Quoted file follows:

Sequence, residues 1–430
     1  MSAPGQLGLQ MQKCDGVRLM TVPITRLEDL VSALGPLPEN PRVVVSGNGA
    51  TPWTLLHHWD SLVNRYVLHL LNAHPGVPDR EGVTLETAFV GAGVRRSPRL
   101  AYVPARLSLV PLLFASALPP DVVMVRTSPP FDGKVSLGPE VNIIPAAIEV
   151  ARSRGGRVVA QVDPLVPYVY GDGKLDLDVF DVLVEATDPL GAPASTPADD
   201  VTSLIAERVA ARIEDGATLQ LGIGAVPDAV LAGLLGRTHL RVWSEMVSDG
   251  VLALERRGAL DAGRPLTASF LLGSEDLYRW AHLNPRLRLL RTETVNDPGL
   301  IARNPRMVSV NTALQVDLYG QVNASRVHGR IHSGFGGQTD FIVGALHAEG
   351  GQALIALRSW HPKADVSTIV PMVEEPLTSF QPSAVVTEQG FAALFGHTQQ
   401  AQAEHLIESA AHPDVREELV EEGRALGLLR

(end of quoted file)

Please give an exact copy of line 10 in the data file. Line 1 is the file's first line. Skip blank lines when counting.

   401  AQAEHLIESA AHPDVREELV EEGRALGLLR